Wonders of No Name's risk-taking never cease
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The modestly (or aggressively?) named No Name Players is back where it made its memorable 2004 debut with "Big Love," Charles Mee's sexy, gory version of ancient Greek tragedy that made that year's theatrical Top 10.
The company followed up in 2005 with the American premiere of Canadian Alex Poch-Goldin's mysterioso farce, "This Hotel," then faded to black as founder Don DiGiulio and his bride, actress Tressa Glover, tested the theatrical scene in Chicago.
Now, reinstalled in Pittsburgh, they have resurrected No Name and are back at the Open Stage Theatre with David Lindsay-Abaire's "Wonder of the World."
- Where: No Name Players at Open Stage, 2835 Smallman St., Strip District
- When: Through Dec. 14: Wed.-Sun, 8 p.m.
- Tickets: $10
- More information: 412-207-7111
So I guess you could say that No Name has a taste for surreal, fractured comedy, except that three shows over five years isn't really enough info to go on. More usefully, Lindsay-Abaire is the playwright of "Fuddy Meers" (City Theatre) and "A Devil Inside" (Penn Ave. Theater), "Kimberly Akimbo" (Playhouse Rep) and the Pulitzer Prize-winning "Rabbit Hole" (Public Theater).
Personally, and this probably shows my age, I can't always separate him from one of his teachers at Juilliard, Christopher Durang, who writes similarly surreal, fractured comedies. That certainly describes "Wonder of the World," in which a young wife, Cass, does a sudden bunk from New Jersey and stolid husband Kip, and flees to -- of all places -- Niagara Falls, with a long list of adventures she hopes to check off.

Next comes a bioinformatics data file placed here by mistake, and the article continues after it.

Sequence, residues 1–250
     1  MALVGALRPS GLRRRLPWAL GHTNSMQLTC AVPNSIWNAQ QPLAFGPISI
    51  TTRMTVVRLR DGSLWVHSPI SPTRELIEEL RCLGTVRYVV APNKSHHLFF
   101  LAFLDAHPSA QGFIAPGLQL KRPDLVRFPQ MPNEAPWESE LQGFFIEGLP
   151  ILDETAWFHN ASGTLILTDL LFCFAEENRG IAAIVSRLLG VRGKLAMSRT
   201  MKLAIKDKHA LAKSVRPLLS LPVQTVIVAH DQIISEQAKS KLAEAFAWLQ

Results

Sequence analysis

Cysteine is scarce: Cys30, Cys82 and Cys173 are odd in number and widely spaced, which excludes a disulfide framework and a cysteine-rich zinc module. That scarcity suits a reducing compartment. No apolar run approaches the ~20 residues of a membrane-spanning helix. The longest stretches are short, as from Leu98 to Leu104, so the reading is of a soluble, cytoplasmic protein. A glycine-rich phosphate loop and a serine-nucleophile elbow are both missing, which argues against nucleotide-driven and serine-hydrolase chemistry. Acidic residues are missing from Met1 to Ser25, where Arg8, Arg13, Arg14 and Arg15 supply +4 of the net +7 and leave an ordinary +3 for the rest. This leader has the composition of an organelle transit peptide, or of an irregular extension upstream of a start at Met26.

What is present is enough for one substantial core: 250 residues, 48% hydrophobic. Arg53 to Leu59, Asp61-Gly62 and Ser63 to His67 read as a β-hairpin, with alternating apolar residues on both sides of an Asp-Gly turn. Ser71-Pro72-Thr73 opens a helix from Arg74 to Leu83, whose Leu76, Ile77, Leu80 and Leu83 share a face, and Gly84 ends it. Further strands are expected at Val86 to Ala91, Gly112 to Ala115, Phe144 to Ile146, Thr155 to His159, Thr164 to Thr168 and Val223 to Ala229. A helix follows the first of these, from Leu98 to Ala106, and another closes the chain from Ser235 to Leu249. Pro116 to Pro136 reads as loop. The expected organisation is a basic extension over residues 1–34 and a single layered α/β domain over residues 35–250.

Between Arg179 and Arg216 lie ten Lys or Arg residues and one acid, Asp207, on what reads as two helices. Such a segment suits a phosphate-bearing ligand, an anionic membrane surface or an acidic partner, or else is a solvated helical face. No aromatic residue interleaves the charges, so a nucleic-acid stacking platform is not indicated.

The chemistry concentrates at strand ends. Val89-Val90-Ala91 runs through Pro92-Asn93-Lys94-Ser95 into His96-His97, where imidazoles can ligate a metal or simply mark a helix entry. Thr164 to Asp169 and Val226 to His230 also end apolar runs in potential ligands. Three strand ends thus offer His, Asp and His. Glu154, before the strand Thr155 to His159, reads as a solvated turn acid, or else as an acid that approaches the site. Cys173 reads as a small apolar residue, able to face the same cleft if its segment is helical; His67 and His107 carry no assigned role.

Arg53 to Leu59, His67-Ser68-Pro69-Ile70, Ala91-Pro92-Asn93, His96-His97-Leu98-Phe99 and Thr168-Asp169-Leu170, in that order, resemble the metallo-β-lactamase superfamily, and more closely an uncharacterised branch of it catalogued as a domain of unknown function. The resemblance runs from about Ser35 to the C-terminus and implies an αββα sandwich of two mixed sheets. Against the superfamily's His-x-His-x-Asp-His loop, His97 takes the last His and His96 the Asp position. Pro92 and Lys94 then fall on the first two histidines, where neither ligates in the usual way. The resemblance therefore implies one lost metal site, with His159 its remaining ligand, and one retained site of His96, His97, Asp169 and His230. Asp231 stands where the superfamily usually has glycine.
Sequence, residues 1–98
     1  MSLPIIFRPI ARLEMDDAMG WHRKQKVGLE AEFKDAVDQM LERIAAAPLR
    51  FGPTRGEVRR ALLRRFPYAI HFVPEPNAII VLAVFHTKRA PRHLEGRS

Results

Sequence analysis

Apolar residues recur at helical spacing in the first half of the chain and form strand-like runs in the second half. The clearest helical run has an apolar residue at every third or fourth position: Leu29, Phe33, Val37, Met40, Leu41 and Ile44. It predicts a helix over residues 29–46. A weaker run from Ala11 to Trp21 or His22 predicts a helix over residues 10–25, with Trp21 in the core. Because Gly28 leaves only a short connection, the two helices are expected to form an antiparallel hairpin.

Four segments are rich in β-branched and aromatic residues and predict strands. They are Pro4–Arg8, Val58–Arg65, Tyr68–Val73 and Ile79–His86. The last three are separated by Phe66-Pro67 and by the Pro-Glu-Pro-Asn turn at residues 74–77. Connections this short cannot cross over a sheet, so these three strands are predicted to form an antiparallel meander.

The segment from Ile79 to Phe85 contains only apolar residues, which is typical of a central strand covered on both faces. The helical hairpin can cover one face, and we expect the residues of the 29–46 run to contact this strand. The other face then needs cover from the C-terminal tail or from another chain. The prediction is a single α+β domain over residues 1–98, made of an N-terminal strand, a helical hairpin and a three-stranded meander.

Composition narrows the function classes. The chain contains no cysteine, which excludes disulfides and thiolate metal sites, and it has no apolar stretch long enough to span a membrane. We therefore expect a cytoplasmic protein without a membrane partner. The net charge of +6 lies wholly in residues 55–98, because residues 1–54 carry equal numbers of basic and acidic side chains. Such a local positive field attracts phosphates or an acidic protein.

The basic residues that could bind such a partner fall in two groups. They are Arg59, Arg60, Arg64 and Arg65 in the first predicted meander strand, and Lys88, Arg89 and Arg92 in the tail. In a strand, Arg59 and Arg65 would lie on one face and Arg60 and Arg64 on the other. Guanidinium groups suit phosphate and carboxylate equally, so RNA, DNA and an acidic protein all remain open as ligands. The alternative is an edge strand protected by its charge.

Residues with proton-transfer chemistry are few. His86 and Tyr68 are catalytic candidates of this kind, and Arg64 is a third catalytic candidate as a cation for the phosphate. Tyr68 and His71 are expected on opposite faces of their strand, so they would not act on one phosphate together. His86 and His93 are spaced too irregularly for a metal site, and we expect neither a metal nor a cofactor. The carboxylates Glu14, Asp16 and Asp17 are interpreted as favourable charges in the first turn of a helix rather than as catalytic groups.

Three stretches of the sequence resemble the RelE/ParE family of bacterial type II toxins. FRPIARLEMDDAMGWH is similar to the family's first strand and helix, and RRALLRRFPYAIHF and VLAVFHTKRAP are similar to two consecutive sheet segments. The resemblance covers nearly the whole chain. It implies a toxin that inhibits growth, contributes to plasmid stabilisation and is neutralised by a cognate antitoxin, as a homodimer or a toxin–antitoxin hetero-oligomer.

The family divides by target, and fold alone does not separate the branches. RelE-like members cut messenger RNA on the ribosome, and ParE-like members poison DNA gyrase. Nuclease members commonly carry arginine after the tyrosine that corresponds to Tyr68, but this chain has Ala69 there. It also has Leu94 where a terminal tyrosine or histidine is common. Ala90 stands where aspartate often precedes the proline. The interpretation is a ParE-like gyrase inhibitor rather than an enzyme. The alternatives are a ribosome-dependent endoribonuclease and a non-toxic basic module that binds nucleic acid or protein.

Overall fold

Along the way she attaches herself to Lois, a skinny depressive planning to do the ultimate bunk over the Falls in a barrel, meets handsome Capt. Mike and is tailed by elderly, bumbling private detectives Karla and Glen.
Kip pursues her, but he has a bizarre sexual preference that she just can't forgive -- 'nuff said. At least it isn't described at length, and I suppose it's funny.
Soon everyone finds themselves at cross-purposes in a Niagara Falls hotel room, along with a barrel, a gun, lots of small liquor bottles and Cass' list. Hilarity ensues. It didn't always tickle me as much as the maniacal laugher beside me, but there is also a substructure of significant meaning about the willingness to risk.
That relates directly to the title, which of course refers initially to Niagara Falls, a certified Wonder, but also suggests more about the eccentricities of life. There's a great final moment, a stop-frame in which we share a panoramic view of the crazy, heart-breaking, impossible, beautiful world.
For me, there weren't enough moments with such force, but I salute No Name for continuing to bite off more than just about anyone could chew.
DeGiulio directs with good pace, although some performances would improve if they were drier and not so desperate to entertain. John E. Lane Jr. provides a necessarily complex set, and Nick Coppula some lively video projections.
Glover is the heroine, attractively rueful if sometimes over the edge. David Flick and Gab Bonesso are in better scale as Kip and the not-so-suicidal Lois (and she's very funny, too). Lynne Franks and Jay Keenan pair up as the addled oldsters, Jody O'Donnell is a stalwart Mike with his own streak of silliness and Nikki McCrea plays a comic series of waitresses and a group counselor from Hell, or rather, Barnum & Bailey.
As I say, it's tough material, needing careful stylistic control. No Name still aims high.
First Published December 4, 2008 12:00 am